Historical Markers
General Lafayette Historical Marker
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General Lafayette

Philadelphia and its Countryside/Lehigh Valley


Marker Location:
North Matlack Street at Lafayette Street, in park, West Chester

Dedication Date:
June 9, 1952

Behind the Marker

On June 13, 1777, the nineteen-year-old Marquis de Lafayette arrived in Charleston, South Carolina, to fight alongside the Americans in their struggle for independence.  Lafayette brought with him a commission as a major general, which he had received from the American delegation in Paris the previous December, and a firm belief in the “rights of man” and democratic government espoused by French Enlightenment thinkers. Carrying letters of recommendation from markerBenjamin Franklin and the good will of the Continental Congress, Lafayette joined the Continental Army as it tried to defend Philadelphia from the British invasion of Pennsylvania. 
Bust length, facing forward of a man wearing a dark blue uniform coat with buff facings, gold epaulettes with two stars each. He has a buff waistcoat, white shirt, and a black sword across his chest.
Marie Joseph Paul Yves Roch Gilbert Motier, Marquis De Lafayette, by Charles...

By 1777, General Washington had come to distrust the pretensions of foreign "volunteers" who seemed to him little more than soldiers of fortune. Because of his political and social connections in France-which was being courted by American diplomats for recognition of Independence and a military alliance-Congress and Washington tried to gratify his ambitions for glory.
Washington soon formed a favorable impression of Lafayette. After the Marquis was wounded at the Battle of Brandywine on September 11, 1777, Washington informed the Continental Congress that the Frenchman "possesses a large share of that Military order, which generally characterises the Nobility of his Country." He also quoted, approvingly, General Nathanael Greene, who noted that "The Marquis is determined to be in the way of danger."
In this full length Portrait, Lafayette idealistically depicted Lafayette as much younger than his sixty-seven years. Lafayette stands in front of the triumphal arch that was designed by architect William Strickland for the hero's reception at Independence Hall. Philadelphia's Washington Grays, Lafayette's military escort through the city are visible in the midground. In the background is Independence Hall, filled with a cheering crowd, and an American Flag is visible.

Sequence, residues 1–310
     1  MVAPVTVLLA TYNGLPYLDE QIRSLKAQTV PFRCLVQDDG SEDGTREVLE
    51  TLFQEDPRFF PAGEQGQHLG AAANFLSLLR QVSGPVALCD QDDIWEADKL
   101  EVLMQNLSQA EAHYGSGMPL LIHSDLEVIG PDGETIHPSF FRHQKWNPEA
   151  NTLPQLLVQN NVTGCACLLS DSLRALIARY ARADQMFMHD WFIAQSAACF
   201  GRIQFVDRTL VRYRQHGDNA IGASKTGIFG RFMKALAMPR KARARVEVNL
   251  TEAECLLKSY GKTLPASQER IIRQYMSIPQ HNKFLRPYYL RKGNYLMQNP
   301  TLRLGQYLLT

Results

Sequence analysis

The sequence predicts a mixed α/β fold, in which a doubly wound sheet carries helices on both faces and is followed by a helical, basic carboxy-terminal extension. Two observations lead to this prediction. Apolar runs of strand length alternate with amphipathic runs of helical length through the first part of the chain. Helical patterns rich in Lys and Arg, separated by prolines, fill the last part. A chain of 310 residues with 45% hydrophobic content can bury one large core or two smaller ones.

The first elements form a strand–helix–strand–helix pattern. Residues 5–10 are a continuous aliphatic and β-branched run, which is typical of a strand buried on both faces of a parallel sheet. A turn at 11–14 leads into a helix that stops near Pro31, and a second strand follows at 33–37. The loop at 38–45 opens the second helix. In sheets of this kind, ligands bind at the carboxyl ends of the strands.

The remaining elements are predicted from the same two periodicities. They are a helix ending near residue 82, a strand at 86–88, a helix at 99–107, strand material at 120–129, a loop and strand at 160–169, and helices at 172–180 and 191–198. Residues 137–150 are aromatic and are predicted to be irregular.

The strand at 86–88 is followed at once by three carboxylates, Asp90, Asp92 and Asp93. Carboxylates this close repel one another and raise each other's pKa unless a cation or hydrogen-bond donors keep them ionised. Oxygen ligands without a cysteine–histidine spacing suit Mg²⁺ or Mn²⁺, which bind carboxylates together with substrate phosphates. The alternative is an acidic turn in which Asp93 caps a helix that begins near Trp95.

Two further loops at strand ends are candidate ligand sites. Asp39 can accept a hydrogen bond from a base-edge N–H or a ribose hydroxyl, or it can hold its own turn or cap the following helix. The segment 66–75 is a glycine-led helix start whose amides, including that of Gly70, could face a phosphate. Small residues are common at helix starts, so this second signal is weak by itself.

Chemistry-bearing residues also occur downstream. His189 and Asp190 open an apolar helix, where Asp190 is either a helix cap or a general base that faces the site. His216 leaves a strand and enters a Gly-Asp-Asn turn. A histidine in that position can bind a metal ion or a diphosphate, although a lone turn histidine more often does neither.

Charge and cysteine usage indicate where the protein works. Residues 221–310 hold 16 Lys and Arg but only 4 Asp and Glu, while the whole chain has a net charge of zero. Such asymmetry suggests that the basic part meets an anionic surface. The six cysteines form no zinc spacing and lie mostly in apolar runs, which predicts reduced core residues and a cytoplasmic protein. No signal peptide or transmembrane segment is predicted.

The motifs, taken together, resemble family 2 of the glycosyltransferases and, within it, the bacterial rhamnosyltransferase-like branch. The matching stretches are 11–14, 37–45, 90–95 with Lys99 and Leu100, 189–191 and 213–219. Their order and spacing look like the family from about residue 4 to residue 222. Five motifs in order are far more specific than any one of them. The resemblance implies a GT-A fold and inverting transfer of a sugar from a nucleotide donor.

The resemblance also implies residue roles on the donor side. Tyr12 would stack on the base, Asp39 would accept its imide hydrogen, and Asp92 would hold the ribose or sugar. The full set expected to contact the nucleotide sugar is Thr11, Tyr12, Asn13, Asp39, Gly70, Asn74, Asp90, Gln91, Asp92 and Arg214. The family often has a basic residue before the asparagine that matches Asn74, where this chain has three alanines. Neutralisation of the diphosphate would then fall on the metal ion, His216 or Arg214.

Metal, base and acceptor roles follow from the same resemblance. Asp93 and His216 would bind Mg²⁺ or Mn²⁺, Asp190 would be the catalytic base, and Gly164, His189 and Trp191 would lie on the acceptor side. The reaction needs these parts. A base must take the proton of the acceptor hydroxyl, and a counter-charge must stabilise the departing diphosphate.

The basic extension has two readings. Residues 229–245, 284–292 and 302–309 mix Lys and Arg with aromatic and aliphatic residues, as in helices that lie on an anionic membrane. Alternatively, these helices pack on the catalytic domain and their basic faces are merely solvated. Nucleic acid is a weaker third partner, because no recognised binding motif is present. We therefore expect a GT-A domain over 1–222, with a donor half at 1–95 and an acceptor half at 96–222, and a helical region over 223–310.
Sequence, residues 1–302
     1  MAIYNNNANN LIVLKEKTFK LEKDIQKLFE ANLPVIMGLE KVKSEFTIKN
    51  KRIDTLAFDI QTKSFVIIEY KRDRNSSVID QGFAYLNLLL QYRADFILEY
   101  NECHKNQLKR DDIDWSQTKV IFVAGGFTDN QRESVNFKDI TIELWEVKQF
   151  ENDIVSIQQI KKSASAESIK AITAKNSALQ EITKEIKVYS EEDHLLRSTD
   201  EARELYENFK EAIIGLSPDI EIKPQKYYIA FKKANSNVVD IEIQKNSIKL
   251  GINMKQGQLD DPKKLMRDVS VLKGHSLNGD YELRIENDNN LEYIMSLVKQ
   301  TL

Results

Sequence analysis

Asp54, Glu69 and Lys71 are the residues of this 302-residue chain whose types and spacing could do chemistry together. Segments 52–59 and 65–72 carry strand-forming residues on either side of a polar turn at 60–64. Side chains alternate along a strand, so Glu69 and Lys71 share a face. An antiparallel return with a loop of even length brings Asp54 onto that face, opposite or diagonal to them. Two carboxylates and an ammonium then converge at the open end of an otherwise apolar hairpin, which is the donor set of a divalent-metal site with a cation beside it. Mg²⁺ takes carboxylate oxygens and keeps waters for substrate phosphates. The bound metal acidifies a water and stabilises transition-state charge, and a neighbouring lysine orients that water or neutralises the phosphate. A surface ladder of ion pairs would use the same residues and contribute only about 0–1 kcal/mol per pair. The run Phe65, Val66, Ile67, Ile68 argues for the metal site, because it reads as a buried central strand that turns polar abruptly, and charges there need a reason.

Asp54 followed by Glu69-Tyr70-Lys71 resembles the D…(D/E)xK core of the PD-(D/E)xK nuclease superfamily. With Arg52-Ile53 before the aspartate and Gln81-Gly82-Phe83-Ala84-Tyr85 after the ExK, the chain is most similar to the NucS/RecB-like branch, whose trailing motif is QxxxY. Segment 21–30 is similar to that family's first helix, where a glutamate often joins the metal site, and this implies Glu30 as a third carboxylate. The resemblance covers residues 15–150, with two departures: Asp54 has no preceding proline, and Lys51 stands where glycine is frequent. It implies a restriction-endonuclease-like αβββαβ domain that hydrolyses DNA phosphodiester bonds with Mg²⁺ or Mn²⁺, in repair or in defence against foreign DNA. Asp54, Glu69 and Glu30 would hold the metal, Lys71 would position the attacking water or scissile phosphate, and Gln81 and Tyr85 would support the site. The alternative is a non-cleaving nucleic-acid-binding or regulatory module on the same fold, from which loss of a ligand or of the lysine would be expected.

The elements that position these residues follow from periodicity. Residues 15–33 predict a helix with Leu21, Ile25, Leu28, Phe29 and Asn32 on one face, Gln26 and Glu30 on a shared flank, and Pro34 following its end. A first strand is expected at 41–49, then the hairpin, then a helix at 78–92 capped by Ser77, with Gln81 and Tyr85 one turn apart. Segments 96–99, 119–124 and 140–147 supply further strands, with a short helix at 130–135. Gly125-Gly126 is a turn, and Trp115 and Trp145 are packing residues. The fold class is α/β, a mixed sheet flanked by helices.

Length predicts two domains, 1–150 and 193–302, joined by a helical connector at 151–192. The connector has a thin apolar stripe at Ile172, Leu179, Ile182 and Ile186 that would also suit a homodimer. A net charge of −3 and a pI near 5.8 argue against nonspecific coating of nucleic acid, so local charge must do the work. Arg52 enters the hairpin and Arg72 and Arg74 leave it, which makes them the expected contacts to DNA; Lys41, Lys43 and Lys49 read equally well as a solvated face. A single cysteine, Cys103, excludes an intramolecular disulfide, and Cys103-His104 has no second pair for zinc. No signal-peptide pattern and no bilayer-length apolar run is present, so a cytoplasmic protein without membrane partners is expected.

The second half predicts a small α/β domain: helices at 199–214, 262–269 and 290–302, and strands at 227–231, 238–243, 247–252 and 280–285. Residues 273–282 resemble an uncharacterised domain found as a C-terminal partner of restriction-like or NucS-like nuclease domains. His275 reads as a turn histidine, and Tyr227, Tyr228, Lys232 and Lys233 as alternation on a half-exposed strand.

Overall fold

Marie Joseph Paul Yves Roch Gilbert Motier, Marquis De Lafayette, by Thomas...

Lafayette spent the winter of 1778 at markerValley Forge, and there was appointed to lead an American invasion of Canada in February of 1778, an adventure about which Washington had grave doubts. When he arrived in Albany, New York, to take over the forces delegated to that task, however, Lafayette reported that they were in no way adequate to the mission, and the plan was called off. In May of 1778, Lafayette commanded a large detachment from Valley Forge north of the lines at Philadelphia, and narrowly escaped being trapped, with the loss of a large part of the army. For much of the war, Washington found Lafayette more valuable as a headquarters advisor than a field commander. During the 1780s, the Frenchman performed valuable service in command of troops in the southern campaigns.
Terracotta bust
Marquis de Lafayette, by William Rush, 1824.

Lafayette returned to France after Independence was acknowledged in 1783. He typified the "wind from America," influence carried to France by its nationals who had seen the American Revolution firsthand. When the Estates General met at Versailles in 1789 to consult with the Bourbon monarchy about the reformation of taxes and state finance, individuals like him briefly became an important to the reform process. As the French Revolution gained momentum, Lafayette gave it credibility, although he was soon identified with conservative sentiment among the French public, and he was eventually condemned as an enemy of the state.
In many ways, the virulent progression of the French Revolution from a reform cause to a bitter social and civil war helped to define for Americans the supposedly the unique dimensions of their own revolution: its relative moderation, and lack of a "tenor" of social revolution. Their debates about that subject helped to establish the actual practices of politics and government in America in the 1790s.
Lafayette College, Easton, PA, circa 1880.

Upon the invitation of President James Monroe, the Marquis de Lafayette returned to the United States in the summer of 1824 for a fourteen month triumphal tour that took him to ever state in the nation. His farewell tour of America was one of a series of events that helped Americans to consolidate their memories of the Revolutionary era and then to consign its work to history.

Others included the debates over legislative proposals for federal pensions for Continental Army veterans in 1818 and 1831, the seemingly providential deaths of both Presidents John Adams and Thomas Jefferson on July 4, 1825, and the disappearance of members of the Revolutionary generation itself in the second and third decades of the nineteenth century.
Through these episodes, Americans came to terms with the Revolutionary dynamics that had begun with the modest goal of national independence and then raised the possibility of vast and systematic social changes at the same time that they fell short of their own ideals regarding slavery.
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